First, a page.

2024 NBA Finals

Turning Point: Key moment that helps Celtics take 3-0 lead in NBA Finals

With Dallas mounting a huge comeback, Luka Doncic's 6th foul ends up being pivotal as Boston hangs on to grab a 3-0 lead.

The Celtics dedicated offensive energy on hunting Luka Doncic, and their aggressive outlook paid off in fouls during Game 3.

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DALLAS — The rap on Luka Doncic, Dallas’ perennial Kia MVP candidate and one of the NBA’s most potent, creative and versatile offensive players, often comes down to this: He doesn’t play much defense.

That’s a problem for the Mavericks … until he does. Then things can get much worse for them.

Rather than settle into his familiar traffic-cone mode Wednesday night in Game 3 of the 2024 NBA Finals presented by YouTube TV, Doncic actually got busy when the Boston Celtics had the ball. Too busy, as it turned out.

The Celtics would have been happy just to hunt out Doncic in pick-and-roll switches or, frankly, just send any Boston ball handler at him to blow by or seize the space the Slovenian star gave them. But with Doncic trying to guard, they were able to get him into foul trouble.

The worst kind of foul trouble, which proved to be the turning point in the Celtics’ 106-99 victory at American Airlines Center that put them up 3-0, one win away from the franchise’s 18th NBA championship.

The moment: As Jaylen Brown angled toward the paint from the right wing, Doncic tried to draw a charge or at least impede the Celtics player. He did neither. As Brown plowed ahead, Doncic appeared to lead with his right shoulder and the two tumbled to the floor.

Referee Kevin Scott’s verdict: A blocking foul on Doncic, his sixth personal, which meant he was done for the night.

The impact: Gee, let’s see, is it possible to overstate how significant Doncic’s exit was? Much of the air left the building, followed soon enough by disheartened Mavericks fans. Their team had pulled off a 20-2 run in the six minutes or so that preceded Doncic’s disqualification, turning what had been a daunting 91-70 hole into real trouble for the Celtics at 93-90.

Oddly, Dallas coach Jason Kidd paused the momentum of his team’s run by calling a timeout with 5:25 left. Both teams had missed shots just before that, so it wasn’t as if the Celtics had anything cooking. Then, 47 seconds and dueling misses later, Boston’s Joe Mazzulla used a timeout too.

It was when play resumed that the Mavericks’ Jenga toppled.

Doncic had missed a shot near the rim at 4:57, with Brown grabbing the rebound. That’s when Doncic tried to line up with Brown at the other end, Scott whistling the Dallas star for not having established his defensive position.

Doncic, seated on the hardwood, threw up his arms and the Mavs dutifully challenged the call. Upon review, though, the foul was upheld. The NBA’s scoring champion from the regular season was gone. Through the first 400 regular-season and 47 playoff games of his career, he had fouled out only twice.

Now it was 448 and three. And Dallas, which has spent three Finals games in search of a third reliable scorer, was down to just one: Kyrie Irving.

Irving stirred some visions when his pull-up shot at 3:37 got Dallas within one point. But Boston scored on four of its next five possessions, a 9-4 spurt that put and kept the Mavericks two possessions behind.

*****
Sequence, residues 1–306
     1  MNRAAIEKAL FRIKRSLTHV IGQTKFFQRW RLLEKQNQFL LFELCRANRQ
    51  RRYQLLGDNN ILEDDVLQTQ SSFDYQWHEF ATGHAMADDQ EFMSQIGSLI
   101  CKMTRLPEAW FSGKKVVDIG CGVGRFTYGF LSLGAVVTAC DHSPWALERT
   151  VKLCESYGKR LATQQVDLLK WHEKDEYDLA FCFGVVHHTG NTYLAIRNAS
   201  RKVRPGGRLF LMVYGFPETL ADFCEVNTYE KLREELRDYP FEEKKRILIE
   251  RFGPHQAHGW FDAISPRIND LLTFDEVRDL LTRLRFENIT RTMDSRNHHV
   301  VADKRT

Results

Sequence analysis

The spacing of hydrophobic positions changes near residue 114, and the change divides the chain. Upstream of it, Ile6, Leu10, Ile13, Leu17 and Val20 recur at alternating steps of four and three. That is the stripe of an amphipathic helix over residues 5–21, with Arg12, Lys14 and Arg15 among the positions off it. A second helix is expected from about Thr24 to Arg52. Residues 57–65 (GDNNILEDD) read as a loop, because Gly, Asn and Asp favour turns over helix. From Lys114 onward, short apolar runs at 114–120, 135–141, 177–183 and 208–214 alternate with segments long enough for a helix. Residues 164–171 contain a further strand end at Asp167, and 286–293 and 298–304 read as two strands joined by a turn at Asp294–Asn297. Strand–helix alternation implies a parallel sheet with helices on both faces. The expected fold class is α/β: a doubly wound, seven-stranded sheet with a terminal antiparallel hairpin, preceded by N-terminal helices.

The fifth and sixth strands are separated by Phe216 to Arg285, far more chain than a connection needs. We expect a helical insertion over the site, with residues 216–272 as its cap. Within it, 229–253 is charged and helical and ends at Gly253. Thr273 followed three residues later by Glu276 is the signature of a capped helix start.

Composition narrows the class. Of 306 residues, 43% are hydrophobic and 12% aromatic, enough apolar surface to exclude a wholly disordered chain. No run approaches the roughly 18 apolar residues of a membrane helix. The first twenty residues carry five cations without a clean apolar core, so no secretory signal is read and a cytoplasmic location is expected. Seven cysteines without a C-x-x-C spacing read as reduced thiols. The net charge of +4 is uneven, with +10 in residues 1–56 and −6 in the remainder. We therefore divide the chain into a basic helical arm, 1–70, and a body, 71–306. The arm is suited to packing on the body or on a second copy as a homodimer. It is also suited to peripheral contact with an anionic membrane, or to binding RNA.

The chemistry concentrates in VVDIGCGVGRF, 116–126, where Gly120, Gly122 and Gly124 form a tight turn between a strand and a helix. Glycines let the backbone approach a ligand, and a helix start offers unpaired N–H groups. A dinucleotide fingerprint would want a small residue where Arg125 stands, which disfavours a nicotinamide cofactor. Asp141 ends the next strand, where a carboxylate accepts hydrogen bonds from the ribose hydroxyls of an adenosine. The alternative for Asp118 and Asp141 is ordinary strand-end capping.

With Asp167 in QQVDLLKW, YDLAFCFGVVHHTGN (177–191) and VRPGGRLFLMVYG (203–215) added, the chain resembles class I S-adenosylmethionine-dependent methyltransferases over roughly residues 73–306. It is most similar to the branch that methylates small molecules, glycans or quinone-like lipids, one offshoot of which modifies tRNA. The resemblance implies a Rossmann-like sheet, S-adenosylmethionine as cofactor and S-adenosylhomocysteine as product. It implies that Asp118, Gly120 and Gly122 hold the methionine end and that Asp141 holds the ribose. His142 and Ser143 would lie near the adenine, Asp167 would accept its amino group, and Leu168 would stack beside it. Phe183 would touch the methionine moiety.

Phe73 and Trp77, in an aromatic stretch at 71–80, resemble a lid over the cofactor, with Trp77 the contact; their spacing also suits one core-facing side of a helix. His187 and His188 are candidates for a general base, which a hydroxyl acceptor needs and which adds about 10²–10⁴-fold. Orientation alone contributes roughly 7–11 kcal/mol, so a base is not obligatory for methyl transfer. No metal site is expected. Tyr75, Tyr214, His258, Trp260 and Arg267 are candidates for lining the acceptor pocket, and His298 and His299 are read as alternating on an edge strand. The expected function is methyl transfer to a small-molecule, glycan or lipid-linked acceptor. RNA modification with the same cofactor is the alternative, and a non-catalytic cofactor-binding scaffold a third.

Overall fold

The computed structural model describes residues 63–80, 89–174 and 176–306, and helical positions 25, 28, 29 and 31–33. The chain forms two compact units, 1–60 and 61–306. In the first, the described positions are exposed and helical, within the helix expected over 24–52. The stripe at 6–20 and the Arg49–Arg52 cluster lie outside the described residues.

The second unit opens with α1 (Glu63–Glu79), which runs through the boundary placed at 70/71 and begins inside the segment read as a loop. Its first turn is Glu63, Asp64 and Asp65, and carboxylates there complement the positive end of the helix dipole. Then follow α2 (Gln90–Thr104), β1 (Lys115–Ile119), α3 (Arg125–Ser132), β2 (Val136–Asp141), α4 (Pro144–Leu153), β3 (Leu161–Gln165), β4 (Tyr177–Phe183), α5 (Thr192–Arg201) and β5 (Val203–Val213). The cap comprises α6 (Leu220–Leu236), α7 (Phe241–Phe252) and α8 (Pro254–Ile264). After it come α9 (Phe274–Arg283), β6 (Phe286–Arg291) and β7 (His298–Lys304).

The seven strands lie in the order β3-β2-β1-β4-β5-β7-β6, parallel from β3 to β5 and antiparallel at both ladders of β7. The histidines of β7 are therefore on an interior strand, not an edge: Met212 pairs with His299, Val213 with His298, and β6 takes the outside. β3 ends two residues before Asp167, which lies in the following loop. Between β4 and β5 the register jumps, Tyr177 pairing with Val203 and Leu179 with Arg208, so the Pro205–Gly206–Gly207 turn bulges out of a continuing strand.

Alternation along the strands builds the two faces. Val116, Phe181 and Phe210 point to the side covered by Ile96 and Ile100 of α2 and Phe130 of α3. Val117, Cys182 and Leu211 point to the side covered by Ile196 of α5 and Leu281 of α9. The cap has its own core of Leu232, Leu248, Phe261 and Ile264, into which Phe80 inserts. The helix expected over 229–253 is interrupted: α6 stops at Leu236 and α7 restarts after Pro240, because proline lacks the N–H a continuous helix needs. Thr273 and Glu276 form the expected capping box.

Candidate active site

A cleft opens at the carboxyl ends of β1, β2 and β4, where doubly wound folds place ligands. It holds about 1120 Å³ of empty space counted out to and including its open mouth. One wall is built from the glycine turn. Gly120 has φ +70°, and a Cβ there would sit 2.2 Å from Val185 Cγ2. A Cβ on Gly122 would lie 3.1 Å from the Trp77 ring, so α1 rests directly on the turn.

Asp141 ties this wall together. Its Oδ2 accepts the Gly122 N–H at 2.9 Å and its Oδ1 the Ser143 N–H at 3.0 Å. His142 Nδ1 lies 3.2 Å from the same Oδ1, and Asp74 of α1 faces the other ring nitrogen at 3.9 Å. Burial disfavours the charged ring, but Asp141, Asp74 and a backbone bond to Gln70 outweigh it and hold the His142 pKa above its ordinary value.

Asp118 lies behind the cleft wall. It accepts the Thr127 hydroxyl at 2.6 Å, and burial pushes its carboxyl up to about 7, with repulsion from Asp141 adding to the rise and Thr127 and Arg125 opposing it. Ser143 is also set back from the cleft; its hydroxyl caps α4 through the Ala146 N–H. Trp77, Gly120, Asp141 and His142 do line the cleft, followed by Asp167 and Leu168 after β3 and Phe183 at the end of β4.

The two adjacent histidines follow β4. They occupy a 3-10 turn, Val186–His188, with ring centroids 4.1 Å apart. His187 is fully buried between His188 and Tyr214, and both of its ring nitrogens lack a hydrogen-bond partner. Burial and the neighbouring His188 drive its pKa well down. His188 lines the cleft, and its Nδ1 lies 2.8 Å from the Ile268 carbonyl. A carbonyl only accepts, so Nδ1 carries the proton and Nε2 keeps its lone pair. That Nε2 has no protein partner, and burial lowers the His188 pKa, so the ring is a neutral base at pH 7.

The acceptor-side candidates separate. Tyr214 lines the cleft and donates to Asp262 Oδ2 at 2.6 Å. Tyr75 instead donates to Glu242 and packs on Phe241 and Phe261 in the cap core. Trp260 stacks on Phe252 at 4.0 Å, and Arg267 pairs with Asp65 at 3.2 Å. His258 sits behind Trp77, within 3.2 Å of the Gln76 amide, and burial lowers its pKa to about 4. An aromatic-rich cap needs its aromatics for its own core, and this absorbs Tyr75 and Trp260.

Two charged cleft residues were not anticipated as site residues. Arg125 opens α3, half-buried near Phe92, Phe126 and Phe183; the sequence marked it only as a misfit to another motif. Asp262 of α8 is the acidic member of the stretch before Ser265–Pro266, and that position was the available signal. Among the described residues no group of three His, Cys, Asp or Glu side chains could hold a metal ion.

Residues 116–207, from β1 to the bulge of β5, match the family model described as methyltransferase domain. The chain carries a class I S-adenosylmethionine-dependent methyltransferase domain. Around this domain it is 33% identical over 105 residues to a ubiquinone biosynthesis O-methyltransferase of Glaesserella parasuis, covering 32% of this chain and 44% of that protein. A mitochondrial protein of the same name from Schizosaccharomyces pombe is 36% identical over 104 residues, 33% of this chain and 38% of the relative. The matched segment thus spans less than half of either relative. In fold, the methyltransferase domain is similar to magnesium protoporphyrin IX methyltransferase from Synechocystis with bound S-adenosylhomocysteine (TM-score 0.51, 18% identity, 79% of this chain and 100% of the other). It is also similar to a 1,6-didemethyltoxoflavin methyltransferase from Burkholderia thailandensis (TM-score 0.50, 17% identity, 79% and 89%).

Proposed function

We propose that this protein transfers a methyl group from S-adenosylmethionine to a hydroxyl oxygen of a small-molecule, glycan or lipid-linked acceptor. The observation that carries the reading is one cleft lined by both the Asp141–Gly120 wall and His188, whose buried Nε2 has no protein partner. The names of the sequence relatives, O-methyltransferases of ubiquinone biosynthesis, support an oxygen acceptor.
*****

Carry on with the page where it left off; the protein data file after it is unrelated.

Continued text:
What they’re saying: “He’s definitely got a bull’s-eye on his chest. He’s got to be able to guard and understand that we’re there to protect him and help him if he does get beat. … They are putting him in every pick-and-roll and iso. He’s got to be able to play the game where he can rest on offense and let others carry the load.” — Mavs coach Jason Kidd on Doncic’s foul-prone defense

“It’s not the first time a team has tried to target Luka on the defensive end. So for us, we’re just trying to put a great shell defense around not only him, but the rest of the team.” — Dallas guard Kyrie Irving

“Luka is a great player. I’m going to start by saying that. He does a lot for their team. Offensively has the ball in his hands a lot. It’s a tough lift for him. He’s been tough. Even with that fourth quarter, those stats, he’s still been able to pretty much get to whatever he wants.” — Boston’s Jaylen Brown

“I mean, I don’t know. We couldn’t play physical. I don’t know. I don’t want to say nothing. You know, six fouls in the NBA Finals, basically I’m like this [motions with palms out]. C’mon, man.” — Luka Doncic on fouling out and how the game was officiated

What’s next: It was bad enough that Doncic picked up four fouls in a span of 7:34 in the fourth quarter. His fifth foul was iffy, too, called when Brown appeared to hook him on a move toward the basket. And frankly, his second foul back in the third quarter seemed borne entirely of frustration immediately after missing a shot.

What’s worse is that the Mavericks’ most important player is fading or failing down the stretch. In the fourth quarter of three Finals games, he has scored a total of eight points on 3-for-15 shooting.

Whatever Doncic, his teammates and their coaches figure out, they’ll need to be fast. Game 4 is Friday (8:30 p.m. ET, ABC), the tightest turnaround between games all series. Boston will be heading home Saturday regardless – the question is whether the Mavericks go back as well.

Someone asked Kidd what tactic he might use to clear his players’ heads, seeking a reset in the face of this 3-0 hole.

“This is a quick turn, so we don’t have time to, like, go to the park or anything,” he said. “We’ve got to figure out how to score the ball, take care of the ball.”

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Steve Aschburner has written about the NBA since 1980. You can e-mail him here, find his archive here and follow him on X.

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